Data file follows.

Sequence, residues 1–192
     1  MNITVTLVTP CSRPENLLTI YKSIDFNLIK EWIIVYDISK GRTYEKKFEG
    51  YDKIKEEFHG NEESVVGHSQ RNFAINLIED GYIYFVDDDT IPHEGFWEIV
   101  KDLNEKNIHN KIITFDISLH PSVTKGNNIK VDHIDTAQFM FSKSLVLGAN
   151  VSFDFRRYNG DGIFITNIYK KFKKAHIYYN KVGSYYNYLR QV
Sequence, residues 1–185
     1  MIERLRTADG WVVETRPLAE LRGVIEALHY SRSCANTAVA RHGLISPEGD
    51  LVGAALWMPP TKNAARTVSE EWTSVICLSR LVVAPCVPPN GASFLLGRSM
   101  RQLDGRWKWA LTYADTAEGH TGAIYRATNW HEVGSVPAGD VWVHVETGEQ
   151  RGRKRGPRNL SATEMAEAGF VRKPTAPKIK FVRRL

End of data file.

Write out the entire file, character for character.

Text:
Sequence, residues 1–192
     1  MNITVTLVTP CSRPENLLTI YKSIDFNLIK EWIIVYDISK GRTYEKKFEG
    51  YDKIKEEFHG NEESVVGHSQ RNFAINLIED GYIYFVDDDT IPHEGFWEIV
   101  KDLNEKNIHN KIITFDISLH PSVTKGNNIK VDHIDTAQFM FSKSLVLGAN
   151  VSFDFRRYNG DGIFITNIYK KFKKAHIYYN KVGSYYNYLR QV
Sequence, residues 1–185
     1  MIERLRTADG WVVETRPLAE LRGVIEALHY SRSCANTAVA RHGLISPEGD
    51  LVGAALWMPP TKNAARTVSE EWTSVICLSR LVVAPCVPPN GASFLLGRSM
   101  RQLDGRWKWA LTYADTAEGH TGAIYRATNW HEVGSVPAGD VWVHVETGEQ
   151  RGRKRGPRNL SATEMAEAGF VRKPTAPKIK FVRRL